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What prevents my brain from holding the same thought forever, like a frozen computer?

How do neurons terminate a firing pattern and move onto the next?

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I'm not sure if the neuroscientific community has reached a consensus on what a "thought" is, but it seems you're using it here as synonymous with a neuronal firing pattern.

If one models this as an attractor in a dynamical system of a circuit or network of neurons, then I would look into Ichiro Tsuda's concept of "chaotic itinerancy" http://www.scholarpedia.org/article/Chaotic_itinerancy which gives a formalization for how attractors transition to chaos then to [usually new] attractors.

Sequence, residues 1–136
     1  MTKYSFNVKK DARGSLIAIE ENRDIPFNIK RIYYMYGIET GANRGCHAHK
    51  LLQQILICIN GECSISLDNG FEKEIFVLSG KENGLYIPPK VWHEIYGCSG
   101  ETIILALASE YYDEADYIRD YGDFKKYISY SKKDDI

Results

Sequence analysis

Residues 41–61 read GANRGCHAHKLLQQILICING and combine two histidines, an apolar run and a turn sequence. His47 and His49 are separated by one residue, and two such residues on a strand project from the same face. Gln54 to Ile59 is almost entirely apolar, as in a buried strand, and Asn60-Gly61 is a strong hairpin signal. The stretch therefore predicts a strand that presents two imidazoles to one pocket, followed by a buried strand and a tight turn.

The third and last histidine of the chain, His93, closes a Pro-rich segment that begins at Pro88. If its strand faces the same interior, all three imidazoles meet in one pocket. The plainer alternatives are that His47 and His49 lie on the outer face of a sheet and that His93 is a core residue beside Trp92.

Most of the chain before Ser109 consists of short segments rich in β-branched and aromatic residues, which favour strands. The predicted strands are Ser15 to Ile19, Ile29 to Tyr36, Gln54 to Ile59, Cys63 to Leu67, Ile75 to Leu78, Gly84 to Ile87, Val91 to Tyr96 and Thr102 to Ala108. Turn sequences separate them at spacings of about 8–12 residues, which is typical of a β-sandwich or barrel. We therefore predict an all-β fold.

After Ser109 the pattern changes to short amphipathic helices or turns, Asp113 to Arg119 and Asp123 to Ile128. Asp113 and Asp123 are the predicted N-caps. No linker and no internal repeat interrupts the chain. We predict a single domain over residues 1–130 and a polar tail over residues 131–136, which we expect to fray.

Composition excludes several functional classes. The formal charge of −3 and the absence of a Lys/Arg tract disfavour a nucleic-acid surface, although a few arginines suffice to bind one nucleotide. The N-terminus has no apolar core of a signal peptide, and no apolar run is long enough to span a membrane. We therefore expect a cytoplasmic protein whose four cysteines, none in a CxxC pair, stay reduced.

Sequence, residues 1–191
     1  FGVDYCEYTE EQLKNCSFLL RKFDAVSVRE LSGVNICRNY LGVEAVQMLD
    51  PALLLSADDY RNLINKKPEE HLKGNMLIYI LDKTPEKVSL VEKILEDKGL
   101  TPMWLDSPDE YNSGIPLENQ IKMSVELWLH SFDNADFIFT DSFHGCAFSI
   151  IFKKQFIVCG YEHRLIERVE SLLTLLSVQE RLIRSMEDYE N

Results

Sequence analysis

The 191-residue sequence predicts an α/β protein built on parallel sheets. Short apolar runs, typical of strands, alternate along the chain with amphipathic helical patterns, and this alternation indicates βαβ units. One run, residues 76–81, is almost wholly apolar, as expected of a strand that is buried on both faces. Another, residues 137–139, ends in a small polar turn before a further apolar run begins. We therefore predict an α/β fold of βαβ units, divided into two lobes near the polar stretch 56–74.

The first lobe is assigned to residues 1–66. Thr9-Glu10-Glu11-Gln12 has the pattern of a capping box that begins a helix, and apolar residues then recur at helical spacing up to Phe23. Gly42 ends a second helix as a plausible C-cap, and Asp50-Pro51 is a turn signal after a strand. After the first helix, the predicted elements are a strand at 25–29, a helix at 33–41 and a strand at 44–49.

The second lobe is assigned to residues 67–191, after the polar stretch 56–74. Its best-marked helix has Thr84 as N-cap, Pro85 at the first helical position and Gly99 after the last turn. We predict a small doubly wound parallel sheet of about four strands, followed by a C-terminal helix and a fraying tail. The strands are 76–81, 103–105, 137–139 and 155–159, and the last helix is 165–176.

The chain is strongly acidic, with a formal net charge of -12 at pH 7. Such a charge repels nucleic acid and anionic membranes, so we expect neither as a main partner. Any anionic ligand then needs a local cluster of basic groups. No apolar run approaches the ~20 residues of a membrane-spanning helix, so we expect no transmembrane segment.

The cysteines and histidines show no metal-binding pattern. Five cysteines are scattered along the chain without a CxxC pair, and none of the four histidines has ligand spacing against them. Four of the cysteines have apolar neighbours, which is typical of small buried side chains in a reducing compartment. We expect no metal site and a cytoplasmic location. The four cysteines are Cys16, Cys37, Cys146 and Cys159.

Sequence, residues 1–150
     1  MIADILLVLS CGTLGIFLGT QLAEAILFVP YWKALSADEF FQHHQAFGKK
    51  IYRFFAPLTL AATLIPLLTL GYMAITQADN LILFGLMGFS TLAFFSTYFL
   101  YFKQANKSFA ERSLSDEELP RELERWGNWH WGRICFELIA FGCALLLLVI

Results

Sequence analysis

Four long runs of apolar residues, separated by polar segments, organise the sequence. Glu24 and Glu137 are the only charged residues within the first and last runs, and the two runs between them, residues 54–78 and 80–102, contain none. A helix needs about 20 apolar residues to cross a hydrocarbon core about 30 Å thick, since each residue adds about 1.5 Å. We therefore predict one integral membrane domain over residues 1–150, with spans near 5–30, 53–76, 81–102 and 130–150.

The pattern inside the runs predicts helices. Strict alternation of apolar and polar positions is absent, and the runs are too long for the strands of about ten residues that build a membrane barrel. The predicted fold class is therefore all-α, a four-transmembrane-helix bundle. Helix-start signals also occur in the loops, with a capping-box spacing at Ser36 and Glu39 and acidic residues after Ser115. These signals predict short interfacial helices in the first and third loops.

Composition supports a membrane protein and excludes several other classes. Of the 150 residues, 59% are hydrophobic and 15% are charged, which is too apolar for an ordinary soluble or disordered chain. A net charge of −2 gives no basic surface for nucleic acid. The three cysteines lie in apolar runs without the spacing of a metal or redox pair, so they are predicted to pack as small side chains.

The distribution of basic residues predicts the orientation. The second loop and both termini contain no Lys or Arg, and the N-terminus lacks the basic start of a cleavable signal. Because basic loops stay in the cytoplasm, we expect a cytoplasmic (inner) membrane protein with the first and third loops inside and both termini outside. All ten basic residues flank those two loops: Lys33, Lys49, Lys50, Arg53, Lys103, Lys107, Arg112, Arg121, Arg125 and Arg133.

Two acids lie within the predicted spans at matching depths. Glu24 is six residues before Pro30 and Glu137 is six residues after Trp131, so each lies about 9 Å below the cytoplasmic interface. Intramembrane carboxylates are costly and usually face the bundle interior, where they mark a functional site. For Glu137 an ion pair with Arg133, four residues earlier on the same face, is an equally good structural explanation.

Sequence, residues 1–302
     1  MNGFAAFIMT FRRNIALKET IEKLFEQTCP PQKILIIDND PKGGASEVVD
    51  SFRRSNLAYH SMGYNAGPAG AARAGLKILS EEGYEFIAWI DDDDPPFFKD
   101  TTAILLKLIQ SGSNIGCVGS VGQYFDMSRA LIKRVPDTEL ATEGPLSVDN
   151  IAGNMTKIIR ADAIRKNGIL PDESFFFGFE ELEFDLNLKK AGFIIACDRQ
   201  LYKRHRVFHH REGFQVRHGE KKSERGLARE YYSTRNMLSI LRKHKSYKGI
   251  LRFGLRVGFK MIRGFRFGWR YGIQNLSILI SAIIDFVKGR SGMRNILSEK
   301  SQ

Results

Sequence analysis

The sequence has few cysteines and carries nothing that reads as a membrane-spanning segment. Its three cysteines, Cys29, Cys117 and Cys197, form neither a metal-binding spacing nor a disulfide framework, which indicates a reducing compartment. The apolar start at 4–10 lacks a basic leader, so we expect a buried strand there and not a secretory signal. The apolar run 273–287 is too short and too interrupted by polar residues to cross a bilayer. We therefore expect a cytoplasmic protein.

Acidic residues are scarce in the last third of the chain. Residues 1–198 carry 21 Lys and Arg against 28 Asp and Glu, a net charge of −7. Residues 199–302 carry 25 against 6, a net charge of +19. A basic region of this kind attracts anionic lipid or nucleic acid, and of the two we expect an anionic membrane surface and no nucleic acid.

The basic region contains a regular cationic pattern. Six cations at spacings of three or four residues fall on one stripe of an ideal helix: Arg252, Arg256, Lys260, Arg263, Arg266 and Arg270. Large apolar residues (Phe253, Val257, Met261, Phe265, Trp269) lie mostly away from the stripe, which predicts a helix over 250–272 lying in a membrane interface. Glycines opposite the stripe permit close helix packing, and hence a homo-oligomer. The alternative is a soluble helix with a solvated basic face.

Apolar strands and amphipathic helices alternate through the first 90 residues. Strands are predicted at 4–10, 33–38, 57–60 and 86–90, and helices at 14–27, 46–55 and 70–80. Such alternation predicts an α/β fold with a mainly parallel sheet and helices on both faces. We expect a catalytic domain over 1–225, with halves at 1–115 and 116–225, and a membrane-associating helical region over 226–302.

An important intuitive notion is that attractors dissipate when they become unstable.

If a sensory stimulus or a memory or imagination creates a stable pattern of neurons that fire in association with it, then what initiated the firing pattern in the first place seems like it should have something to do with how it destabilizes. There is a causal connection between stimulus and neuronal activity. I believe attention would affect what fires and for how long, and Karl Friston's "free energy principle" seems like a good formalization of how that happens, but I haven't fully studied it myself.

There is a counterintuitive observation where neurons adjacent to those of the receptive fields of a sensory stimulus can keep firing for up to 3 hrs after the stimulus (cf. "Plasticity of Receptive Fields in Early Stages of the Adult Visual System" U.T. Eysel, in "Perceptual Learning", M. Fahl & T. Poggio, eds), so maybe the neuronal substrate of thoughts last longer than they consciously appear to. My guess is they would only last forever if there was nothing else to think about

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